Background - Hybrid genes are responsible for the formation of Rh variants and are common in patients with sickle cell disease (SCD). However, it is not usually possible to detect them by conventional molecular protocols. In the present study, hybrid genes were investigated using the Quantitative Multiplex Polymerase chain reaction of Short Fluorescent Fragments (QMPSF), a molecular protocol that quantifies the copy number of RHD and RHCE exons. In addition, we explored additional relevant information obtained with QMPSF, such as recognition of variant RHCE and RHD zygosity.
Materials and methods - Three groups of subjects were selected for the study: patients with SCD, self-declared African descent donors (SDA), and D-negative donors. RHD and RHCE hybrids genes were investigated by the QMPSF method. Real-time multiplex polymerase chain reaction (PCR) assay was used to confirm the copy number of the RHD in two samples. Cloning was performed to investigate the allele. Relative RhD antigen density was investigated by flow cytometry, and RhCE phenotyping was performed with both tube and gel methods.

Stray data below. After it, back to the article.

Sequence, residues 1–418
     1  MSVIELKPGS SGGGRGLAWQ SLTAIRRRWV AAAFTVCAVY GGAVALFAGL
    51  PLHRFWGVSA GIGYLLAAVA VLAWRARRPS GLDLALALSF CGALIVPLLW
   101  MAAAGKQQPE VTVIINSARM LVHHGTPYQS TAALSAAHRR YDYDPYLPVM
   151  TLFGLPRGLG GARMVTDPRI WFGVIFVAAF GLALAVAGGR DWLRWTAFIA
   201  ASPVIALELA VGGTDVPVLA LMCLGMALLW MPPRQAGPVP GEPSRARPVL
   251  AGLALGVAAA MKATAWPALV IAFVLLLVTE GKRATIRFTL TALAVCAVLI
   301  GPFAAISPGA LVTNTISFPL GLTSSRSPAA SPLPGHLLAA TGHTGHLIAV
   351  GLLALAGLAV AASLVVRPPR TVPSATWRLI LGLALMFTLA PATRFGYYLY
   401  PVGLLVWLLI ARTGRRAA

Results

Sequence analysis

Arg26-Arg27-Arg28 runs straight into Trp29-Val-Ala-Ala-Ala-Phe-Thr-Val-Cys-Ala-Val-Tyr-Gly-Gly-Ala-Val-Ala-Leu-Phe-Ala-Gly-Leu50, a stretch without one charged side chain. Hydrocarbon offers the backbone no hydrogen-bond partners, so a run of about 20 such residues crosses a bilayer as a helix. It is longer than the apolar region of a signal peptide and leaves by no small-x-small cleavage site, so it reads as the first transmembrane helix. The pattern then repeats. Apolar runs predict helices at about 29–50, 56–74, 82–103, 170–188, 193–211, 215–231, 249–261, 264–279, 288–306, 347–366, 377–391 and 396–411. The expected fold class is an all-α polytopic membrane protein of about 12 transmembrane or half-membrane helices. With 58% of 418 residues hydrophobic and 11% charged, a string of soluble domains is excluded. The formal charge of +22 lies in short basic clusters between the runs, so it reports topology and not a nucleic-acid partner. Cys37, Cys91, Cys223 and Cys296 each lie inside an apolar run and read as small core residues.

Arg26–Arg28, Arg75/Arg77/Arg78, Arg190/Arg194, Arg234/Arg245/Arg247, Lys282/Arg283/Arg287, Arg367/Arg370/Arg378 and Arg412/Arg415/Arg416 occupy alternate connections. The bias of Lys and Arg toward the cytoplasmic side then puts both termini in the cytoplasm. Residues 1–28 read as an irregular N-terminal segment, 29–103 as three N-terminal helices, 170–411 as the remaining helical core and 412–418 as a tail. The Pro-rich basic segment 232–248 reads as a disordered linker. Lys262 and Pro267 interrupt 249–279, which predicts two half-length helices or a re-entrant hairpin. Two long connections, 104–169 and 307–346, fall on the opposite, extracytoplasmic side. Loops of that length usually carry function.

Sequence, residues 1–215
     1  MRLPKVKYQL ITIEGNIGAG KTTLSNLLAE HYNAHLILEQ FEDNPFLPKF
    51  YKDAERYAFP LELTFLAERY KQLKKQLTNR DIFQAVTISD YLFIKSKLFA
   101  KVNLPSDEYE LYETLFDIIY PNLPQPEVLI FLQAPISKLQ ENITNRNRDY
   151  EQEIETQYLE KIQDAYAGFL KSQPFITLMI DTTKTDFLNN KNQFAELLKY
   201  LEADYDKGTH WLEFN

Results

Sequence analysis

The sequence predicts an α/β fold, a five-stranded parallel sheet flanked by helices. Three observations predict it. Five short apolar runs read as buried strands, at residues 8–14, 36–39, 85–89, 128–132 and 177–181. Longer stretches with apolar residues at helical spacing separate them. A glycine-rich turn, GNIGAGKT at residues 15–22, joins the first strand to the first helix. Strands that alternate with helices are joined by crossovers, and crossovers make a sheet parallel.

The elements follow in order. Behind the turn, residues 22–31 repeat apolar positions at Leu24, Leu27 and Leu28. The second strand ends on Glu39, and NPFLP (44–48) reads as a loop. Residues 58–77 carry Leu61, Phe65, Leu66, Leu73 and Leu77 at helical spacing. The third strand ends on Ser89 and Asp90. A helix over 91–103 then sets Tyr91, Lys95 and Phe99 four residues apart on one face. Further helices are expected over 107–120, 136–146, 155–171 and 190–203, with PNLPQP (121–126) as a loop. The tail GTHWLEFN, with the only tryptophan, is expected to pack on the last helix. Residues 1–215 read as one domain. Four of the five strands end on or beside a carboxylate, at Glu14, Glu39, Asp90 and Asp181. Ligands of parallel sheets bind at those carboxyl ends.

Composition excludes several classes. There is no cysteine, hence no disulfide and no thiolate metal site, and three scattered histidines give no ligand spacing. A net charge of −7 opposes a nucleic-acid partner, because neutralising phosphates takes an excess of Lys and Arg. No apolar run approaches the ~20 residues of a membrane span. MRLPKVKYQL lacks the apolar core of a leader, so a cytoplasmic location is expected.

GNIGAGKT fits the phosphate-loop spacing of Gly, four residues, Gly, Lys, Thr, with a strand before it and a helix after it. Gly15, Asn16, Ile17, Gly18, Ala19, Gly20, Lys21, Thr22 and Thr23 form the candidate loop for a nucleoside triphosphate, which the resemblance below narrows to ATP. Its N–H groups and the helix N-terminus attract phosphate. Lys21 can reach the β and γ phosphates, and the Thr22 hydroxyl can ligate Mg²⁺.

Results - In the 507 samples analysed, hybrid allele frequencies were found in 20.08% of patients with SCD, in 18.22% of individuals in the SDA group, and 3.67% of D-negative donors. The SCD and SDA groups had a higher frequency of hybrid alleles, most commonly involving exon 8, with which we found an association with c.733C>G, a common polymorphism observed in individuals of African descent. Of note, two patients with SCD were shown to carry three gene copies, as confirmed by quantitative PCR; no increase in D expression was observed in these patients.
In addition, the QMPSF guided the investigation of 144 RHCE variants and RHD zygosity, and two novel alleles were identified.
Discussion - The QMPSF was shown to identify hybrid alleles involved in altered Rh phenotypes in Brazilian donors and patients with SCD. The association of the hybrid RHCE-D(8)-CE allele with c.733C>G suggests this hybrid allele may be used as a marker to detect the most frequent variants found in patients with SCD.
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